Dear Sacred Heart Family
Today our church celebrates the life and legacy of St Ignatius of Loyola (1491-1556). He is most notably known as the founder of the Jesuits (Society of Jesus), the largest order of religious men in the world today (19,000) St Ignatius has always been a part of my life, as I am named after him (middle name), as well as I did my undergraduate degree with the Jesuits in Philadelphia a nd for a time our Claretian founder, St Anthony, spent time in the Jesuit Novitiate.
In his illustrious life, St Ignatius left his most significant impact on the world of Catholic education, realizing that the morality of the world depended on the formation of those who will lead others and thus he focused to give a well-balanced education to this group of individuals. His words helped take my faith to a deeper level. One phrase that first spoke to me was his call for us “to be men (and women) for others.” These words drew me into a life of service beginning with Campus ministry and leading me to where I am today. I believe this outward-focused orientation is why the Jesuits are found in every corner of the world, as is appropriate for a church that calls itself catholic (universal).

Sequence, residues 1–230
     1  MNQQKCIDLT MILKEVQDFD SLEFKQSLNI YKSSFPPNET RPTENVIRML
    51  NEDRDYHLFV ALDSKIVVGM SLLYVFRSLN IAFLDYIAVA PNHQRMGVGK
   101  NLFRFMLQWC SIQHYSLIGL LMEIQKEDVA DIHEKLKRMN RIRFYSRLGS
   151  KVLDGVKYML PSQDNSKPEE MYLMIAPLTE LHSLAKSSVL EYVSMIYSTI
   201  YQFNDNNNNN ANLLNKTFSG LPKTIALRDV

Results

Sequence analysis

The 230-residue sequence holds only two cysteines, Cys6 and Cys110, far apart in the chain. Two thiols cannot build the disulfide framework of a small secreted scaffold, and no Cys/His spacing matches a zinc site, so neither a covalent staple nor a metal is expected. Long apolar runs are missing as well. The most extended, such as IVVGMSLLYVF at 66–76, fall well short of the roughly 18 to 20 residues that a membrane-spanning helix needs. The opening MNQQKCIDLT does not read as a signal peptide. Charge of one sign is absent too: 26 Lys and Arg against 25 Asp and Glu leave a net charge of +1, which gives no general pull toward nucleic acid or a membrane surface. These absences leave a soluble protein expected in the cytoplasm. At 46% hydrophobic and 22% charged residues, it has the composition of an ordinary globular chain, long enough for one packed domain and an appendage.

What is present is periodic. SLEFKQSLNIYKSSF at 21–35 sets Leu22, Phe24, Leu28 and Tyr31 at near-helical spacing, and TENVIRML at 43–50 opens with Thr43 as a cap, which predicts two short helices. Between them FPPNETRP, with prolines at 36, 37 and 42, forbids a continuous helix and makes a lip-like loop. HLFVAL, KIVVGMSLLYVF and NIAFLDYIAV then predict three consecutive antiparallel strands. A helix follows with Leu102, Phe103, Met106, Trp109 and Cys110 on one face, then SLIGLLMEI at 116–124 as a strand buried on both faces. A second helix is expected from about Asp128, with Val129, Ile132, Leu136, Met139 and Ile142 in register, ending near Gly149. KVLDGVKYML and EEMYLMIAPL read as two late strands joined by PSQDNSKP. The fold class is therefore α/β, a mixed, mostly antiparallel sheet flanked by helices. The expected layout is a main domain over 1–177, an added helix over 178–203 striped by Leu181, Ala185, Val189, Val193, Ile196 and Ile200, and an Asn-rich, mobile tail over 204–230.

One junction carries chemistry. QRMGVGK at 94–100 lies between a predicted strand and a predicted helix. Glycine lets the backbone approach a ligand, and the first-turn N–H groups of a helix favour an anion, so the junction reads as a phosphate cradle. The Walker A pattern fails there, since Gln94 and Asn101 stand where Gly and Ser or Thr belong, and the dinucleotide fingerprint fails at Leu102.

One reason I admire St Anthony Claret so much was that he was able to integrate St Ignatius’ philosophy into our Claretian spirituality, and in doing so, he brought my two worlds together. His admonition to “set the world on fire” is one such phrase that has inspired me for decades. Fire is beautiful in the sense that whatever it touches, it turns to itself, and our call is to set the world on fire with the love of God. The fire of love does not destroy another, but rather it purifies what it touches.
On this idea of service, St Ignatius well understood the balance between of God’s efforts vs ours when he said. ” Trust as if everything depended on God, act as if everything depended on you ” St Anthony put it n another way when he said, “Pray to God, and row for shore.” Simply put, we can never expect God to do all the work, we must do our part as well.
A final Ignatian phrase that I would like to share is, “If our church is not marked by caring for the poor, the oppressed, the hungry, we are guilty of heresy.” Our authenticity is not so much what we say, as much as what we do. The recent phenomena of the gospel of prosperity, to the degree if focuses on what I will get and not so much on what I will give, is a betrayal of our Savior who became poor for us (II Cor 8:9).
The Church and the world were in chaos at the time of St Ignatius, but his words transformed both and can again if we will live the fire of love for others.
With a heart for Mission,